One of the most bizarre execution methods in the 20th century was Thailands bizarre method which was utilized from the 1930′s until 2002. While the use of firing squads has been a common practice around the world throughout history, the use of a single submachine is rare. The condemned was blindfolded and restrained on a cross facing away from the executioner. A screen was then placed in between the condemned and the executioner, with a bullseye that was aligned with the center of mass of the condemned. At the executioner’s end was a fully automatic 9mm submachine gun, stabilized in a special vice which held the weapon steady. Before 1984 a Bergmann MP-34 was used, a German weapon dating to the 1930′s.
After 1984 a Heckler & Koch MP-5 submachine gun was used, mounted with a silencer.
One the signal was given, the executioner would pull the trigger, firing a burst of 15 rounds which mostly likely would instantly kill the condemned.
The last execution by submachine gun in Thailand occurred in 2002, undertaken by prison guard Chavoret Jaruboon, of which the biopic The Last Executioner is based upon. Between 1984 and 2002 he was involved in the execution of 55 people, of which he was paid a bonus of 2,000 baht (60 US dollars) per execution. According to Jaruboon, one strange incident occurred when the submachine gun misfired. Jaruboon worked the action and chambered the next round, only to have it misfire again. The weapon was tested and found to function perfectly, but again it misfired. The condemned was searched and found to be wearing a sacred amulet, which was confiscated. On the next attempt, the weapon functioned without issue.
Execution by submachine gun was banned in 2003, and replaced with lethal injection.
An Italian creation by the Ansaldo corporation in 1935, the
Motomitragliatrice blindata d’assaulto (MIAS) was a one man tracked vehicle intended to give infantry a little bit of extra armor and firepower. The MIAS featured a 250cc (5 horsepower) engine which could propel the vehicle at 5 kilometers an hour forward, and 2 kph in reverse. Incredibly, the MIAS lacked at seat for it’s one man crew, thus the crewman had to scooch around in a squatting position with the vehicle as it moved. It had armor that was rated to deflect 7.92x57mm Mauser rounds at the front, and 6.5x52mm Carcano rounds at the sides. However these ratings only counted for standard ball ammunition, any kind of armor piercing ammunition would easily pierce the vehicle’s armor at any point. The MIAS was armed with a 6.5mm machine gun with 1,000 rounds. As counterpart to the MIAS, Ansaldo also created the Moto-mortaio blindato d’assaulto (MORAS), which utilized the exact same vehicle, only with the machine gun replaced with a Brixia Model 35 mortar which fired high explosive .5kg shells with fifty rounds of ammunition.
Neither the MIAS or the MORA made it beyond prototype stage, the Italian Army deeming it impractical for modern warfare.
In the 18th and 19th century dentures were made from a variety of materials; ivory, bone, animal teeth, ceramics, and others. However the best dentures were those constructed from genuine second hand human teeth. Such dentures were rare and expensive as there was a very limited supply of teeth available to construct them. A lucky dentist might be able to acquire the teeth of an executed criminal, granted the criminal not have bad teeth. Body snatchers were also a common source. While body snatching was often done to provide cadavers for medical schools, corpses could also be unearthed by snatchers for their teeth. War was particularly profitable time for dentists, who would often hang around battlefields so that they could yank the teeth of fallen soldiers after the fighting had ended. Such a practice was especially common during the Napoleonic Wars as large battles of the war such as Austerlitz, Jena, and Leipzig resulted in fields strewn with tens of thousands of corpses. The Battle of Waterloo was most notorious for teeth scavengers. Located in Belgium, Waterloo was the crossroads of Europe, not far from France, the Netherlands, England, and Germany. Thus there was an opportunity for dentists and denture makers from many nations to converge upon the battlefield in order to scavenge teeth. In addition, being the last major battle of the Napoleonic Wars, it was the last chance for dentists to score an easy source of second hand teeth before peace broke out and once again constrained the second hand teeth market. The pickings were very rich as the carnage of Waterloo would result in the deaths of over 50,000 men. As a result, dentures constructed from soldiers teeth, regardless of which battlefield they originated from were often called “Waterloo Teeth”. The practice of scavenging battlefields for teeth would continue to a lesser extent during the Crimean War and American Civil War.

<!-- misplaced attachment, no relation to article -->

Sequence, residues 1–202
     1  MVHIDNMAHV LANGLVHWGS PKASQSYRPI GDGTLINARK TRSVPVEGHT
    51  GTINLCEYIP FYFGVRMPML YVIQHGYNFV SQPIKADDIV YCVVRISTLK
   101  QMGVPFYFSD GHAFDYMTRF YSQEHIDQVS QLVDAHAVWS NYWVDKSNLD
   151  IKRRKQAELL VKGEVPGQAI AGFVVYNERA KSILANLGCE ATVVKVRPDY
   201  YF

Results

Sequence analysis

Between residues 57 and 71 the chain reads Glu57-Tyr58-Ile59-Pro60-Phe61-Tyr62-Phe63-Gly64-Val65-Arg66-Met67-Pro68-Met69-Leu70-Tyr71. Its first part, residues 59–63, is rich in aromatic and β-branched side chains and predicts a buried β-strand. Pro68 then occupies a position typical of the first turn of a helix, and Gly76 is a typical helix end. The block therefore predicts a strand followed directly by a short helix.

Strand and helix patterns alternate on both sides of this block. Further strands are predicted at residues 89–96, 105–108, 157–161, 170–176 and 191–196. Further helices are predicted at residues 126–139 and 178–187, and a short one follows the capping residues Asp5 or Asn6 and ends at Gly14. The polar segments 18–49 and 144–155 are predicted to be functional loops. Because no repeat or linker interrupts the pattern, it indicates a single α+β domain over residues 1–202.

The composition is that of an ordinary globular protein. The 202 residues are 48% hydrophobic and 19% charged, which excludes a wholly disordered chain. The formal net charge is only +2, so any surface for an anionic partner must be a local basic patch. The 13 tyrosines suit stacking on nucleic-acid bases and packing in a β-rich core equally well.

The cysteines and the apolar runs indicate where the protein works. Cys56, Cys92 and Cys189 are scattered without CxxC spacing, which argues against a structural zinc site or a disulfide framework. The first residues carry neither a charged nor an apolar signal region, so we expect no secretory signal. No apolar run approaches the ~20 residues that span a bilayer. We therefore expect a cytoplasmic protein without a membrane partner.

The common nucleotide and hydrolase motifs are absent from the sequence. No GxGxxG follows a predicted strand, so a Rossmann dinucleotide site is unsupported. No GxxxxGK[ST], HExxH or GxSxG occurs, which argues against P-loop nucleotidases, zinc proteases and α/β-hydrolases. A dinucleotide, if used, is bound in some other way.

Invented by a British solicitor named Philip Baker, the bayonet hat was intended to be an extra weapon issued to British troops for close quarter hand to hand combat. The hat was standard issue field cap common among British troops before the adoption of steel helmets. Mounted upon the hat was a folding bayonet complete with a scabbard. Inside the hat was a built in grip so that the soldier could wield the hat much like a small shield or a buckler.
Unsurprisingly the British Army chose not to adopt the bayonet hat, deeming it as impractical and perhaps dangerous to the user. In addition to the hat a pith helmet was also designed but never entered into production. Believe it or not Atlanta Cutlery makes a replica of the pith helmet if you are interested.